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Oblique Subjects and Stylistic Fronting in the History of Scandinavian and English: The Role of IP-Spec

Hrafnbjargarson, Gunnar Hrafn LU (2004)
Abstract
The thesis discusses three morphosyntactic changes in Danish, Faroese, Norwegian, Swedish and English, namely the loss of morphological case, loss of V-to-I movement and the loss of stylistic fronting. The changes are observed on the basis of Icelandic which has kept all three characteristics.



The hypothesis is that even though the loss of morphological case causes the loss of DAT-NOM constructions (i.e. sentences with a dative subject and a nominative object), these constructions are not 'normalized' (made into NOM-ACC) in one step, but rather through a systematic process which consists of two different changes. Old English had and Icelandic still has sentences with a dative subject and nominative object, in Old and... (More)
The thesis discusses three morphosyntactic changes in Danish, Faroese, Norwegian, Swedish and English, namely the loss of morphological case, loss of V-to-I movement and the loss of stylistic fronting. The changes are observed on the basis of Icelandic which has kept all three characteristics.



The hypothesis is that even though the loss of morphological case causes the loss of DAT-NOM constructions (i.e. sentences with a dative subject and a nominative object), these constructions are not 'normalized' (made into NOM-ACC) in one step, but rather through a systematic process which consists of two different changes. Old English had and Icelandic still has sentences with a dative subject and nominative object, in Old and Middle Danish, Middle English and Faroese, these constructions have changed to sentences with a dative subject and an accusative object and in Present Day English, Danish, etc. they have gone one step further and changed to sentences with a nominative subject and an accusative object.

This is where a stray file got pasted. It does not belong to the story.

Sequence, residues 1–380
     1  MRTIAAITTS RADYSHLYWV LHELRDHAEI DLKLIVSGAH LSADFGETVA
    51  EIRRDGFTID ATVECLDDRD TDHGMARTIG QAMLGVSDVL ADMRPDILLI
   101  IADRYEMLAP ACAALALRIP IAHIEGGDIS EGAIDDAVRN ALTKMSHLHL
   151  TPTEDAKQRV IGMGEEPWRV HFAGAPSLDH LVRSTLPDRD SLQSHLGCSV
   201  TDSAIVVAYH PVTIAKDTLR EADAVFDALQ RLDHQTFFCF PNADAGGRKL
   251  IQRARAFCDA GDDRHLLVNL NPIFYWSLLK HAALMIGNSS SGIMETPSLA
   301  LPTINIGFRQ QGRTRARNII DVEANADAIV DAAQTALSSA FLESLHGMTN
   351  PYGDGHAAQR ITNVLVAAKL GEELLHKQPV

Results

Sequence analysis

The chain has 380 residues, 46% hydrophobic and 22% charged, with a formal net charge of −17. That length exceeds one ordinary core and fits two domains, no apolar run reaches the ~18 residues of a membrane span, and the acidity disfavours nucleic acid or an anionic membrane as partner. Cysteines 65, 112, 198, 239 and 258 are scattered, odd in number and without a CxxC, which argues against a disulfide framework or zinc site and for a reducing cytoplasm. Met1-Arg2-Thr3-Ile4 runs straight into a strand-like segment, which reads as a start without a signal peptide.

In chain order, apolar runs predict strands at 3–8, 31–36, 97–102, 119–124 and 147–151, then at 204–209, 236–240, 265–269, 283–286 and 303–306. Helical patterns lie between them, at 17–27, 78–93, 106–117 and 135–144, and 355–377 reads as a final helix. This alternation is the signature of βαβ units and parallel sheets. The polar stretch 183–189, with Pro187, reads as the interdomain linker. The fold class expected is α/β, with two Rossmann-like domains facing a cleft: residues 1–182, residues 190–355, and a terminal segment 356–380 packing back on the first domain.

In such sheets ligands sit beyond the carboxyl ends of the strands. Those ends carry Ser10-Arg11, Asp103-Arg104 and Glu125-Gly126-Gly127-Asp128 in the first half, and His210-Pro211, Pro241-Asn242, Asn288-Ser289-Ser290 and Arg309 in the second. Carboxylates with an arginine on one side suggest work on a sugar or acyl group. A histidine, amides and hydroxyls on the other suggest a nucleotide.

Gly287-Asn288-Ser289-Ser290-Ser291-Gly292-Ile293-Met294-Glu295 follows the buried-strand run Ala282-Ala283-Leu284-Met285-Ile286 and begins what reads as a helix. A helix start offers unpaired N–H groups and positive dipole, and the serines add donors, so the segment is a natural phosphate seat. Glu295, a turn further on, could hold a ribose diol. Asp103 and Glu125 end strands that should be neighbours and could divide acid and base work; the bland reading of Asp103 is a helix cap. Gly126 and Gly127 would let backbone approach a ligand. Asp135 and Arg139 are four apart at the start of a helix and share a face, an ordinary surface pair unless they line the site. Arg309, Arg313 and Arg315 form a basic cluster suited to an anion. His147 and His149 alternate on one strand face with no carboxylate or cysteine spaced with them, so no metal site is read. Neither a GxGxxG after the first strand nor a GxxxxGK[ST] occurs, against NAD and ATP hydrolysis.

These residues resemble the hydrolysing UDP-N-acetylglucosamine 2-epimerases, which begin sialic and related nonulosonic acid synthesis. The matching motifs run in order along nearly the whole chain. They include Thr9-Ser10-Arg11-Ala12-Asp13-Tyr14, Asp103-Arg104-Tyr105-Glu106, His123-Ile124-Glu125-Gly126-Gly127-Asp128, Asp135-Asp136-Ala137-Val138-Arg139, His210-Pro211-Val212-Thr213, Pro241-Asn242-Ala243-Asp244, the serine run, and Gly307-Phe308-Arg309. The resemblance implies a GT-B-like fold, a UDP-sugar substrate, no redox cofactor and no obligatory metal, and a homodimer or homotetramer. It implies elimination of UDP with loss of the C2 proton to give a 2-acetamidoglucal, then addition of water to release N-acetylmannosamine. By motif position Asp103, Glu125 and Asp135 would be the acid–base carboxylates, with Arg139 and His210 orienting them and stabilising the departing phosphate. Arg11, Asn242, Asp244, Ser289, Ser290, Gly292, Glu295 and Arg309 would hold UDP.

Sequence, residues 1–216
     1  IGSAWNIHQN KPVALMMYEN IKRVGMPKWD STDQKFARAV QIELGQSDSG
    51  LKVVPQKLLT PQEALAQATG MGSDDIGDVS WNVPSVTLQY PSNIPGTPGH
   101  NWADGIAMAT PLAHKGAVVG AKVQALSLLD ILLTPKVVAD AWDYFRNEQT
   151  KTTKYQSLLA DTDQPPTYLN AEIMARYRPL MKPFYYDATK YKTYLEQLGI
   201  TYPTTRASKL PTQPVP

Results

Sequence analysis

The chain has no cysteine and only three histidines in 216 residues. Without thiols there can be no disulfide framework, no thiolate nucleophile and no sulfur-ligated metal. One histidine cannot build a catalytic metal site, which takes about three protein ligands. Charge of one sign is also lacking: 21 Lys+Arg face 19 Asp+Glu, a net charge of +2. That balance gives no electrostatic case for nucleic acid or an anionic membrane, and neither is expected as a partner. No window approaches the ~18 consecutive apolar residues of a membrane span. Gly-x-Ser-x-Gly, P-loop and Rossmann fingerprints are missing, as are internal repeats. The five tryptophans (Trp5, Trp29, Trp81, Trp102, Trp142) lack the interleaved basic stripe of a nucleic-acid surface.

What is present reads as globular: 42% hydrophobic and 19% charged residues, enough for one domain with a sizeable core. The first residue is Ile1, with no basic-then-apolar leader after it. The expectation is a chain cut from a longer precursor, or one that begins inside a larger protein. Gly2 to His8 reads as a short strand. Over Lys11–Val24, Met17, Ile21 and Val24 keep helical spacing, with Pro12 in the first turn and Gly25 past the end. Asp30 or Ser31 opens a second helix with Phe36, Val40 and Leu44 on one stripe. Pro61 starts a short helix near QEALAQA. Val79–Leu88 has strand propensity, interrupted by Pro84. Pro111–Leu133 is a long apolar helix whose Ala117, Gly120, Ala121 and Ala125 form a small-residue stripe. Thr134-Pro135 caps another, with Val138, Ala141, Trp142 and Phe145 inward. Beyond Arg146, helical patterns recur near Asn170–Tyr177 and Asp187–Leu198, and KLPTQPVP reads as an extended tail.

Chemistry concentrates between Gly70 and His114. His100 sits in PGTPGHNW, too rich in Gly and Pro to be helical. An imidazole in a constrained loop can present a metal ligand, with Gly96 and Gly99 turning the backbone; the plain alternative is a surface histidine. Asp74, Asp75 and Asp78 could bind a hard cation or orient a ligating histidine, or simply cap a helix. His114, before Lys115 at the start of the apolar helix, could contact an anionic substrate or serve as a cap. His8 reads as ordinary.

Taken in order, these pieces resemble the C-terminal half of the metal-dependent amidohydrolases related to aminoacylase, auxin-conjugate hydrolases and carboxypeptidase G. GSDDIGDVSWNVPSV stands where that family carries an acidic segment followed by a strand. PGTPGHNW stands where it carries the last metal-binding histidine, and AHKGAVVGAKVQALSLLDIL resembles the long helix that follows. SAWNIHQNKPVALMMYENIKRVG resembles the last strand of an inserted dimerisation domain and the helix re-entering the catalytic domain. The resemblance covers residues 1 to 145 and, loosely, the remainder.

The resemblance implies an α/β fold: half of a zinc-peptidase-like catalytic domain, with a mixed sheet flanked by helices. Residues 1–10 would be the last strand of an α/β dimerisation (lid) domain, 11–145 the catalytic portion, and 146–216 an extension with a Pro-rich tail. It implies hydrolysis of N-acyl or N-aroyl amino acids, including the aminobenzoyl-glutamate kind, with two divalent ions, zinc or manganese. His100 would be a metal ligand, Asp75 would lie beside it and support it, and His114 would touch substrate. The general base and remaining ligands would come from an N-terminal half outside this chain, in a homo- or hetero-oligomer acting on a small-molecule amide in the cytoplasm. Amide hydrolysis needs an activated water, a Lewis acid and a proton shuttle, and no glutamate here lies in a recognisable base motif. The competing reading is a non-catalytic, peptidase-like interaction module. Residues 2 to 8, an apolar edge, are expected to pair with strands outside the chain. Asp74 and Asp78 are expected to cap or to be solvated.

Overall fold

The synchronic part of the discussion about the DAT-NOM construction attempts to explain how the finite verb can show agreement with the nominative object, why non-nominative subjects must be animate and furthermore, why nominative objects can only be third person.



The other construction that is discussed is stylistic fronting. Firstly it is shown that stylistic fronting was possible in Old and Middle Danish, and that the loss of stylistic fronting first took place after the loss of V-to-I movement. The synchronic analysis of stylistic fronting is that stylistic fronting is driven by an abstract focus feature and that it is movement into an articulated CP domain. This makes it possible to explain why stylistic fronting can have a semantic effect and why there is a difference in the possibility of stylistic fronting in clauses without a phonetically realized subject and clauses with a weak subject pronoun. If it is further assumed that the articulated CP domain depends on the presence of V-to-I movement, it is possible to establish a connection between the loss of stylistic fronting and the loss of V-to-I movement.



The two theoretical frameworks used in the thesis are Optimality Theory and the Minimalist Program. (Less)